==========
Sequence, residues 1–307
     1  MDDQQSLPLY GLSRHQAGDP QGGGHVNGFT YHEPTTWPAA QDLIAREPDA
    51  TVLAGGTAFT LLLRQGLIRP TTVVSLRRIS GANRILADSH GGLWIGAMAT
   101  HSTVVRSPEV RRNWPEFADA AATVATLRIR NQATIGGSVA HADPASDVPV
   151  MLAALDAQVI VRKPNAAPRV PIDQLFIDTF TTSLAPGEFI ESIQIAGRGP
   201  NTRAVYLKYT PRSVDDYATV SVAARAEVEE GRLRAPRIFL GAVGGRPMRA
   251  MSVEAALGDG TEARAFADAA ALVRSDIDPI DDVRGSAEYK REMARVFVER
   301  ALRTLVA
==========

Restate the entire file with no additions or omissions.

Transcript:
Sequence, residues 1–307
     1  MDDQQSLPLY GLSRHQAGDP QGGGHVNGFT YHEPTTWPAA QDLIAREPDA
    51  TVLAGGTAFT LLLRQGLIRP TTVVSLRRIS GANRILADSH GGLWIGAMAT
   101  HSTVVRSPEV RRNWPEFADA AATVATLRIR NQATIGGSVA HADPASDVPV
   151  MLAALDAQVI VRKPNAAPRV PIDQLFIDTF TTSLAPGEFI ESIQIAGRGP
   201  NTRAVYLKYT PRSVDDYATV SVAARAEVEE GRLRAPRIFL GAVGGRPMRA
   251  MSVEAALGDG TEARAFADAA ALVRSDIDPI DDVRGSAEYK REMARVFVER
   301  ALRTLVA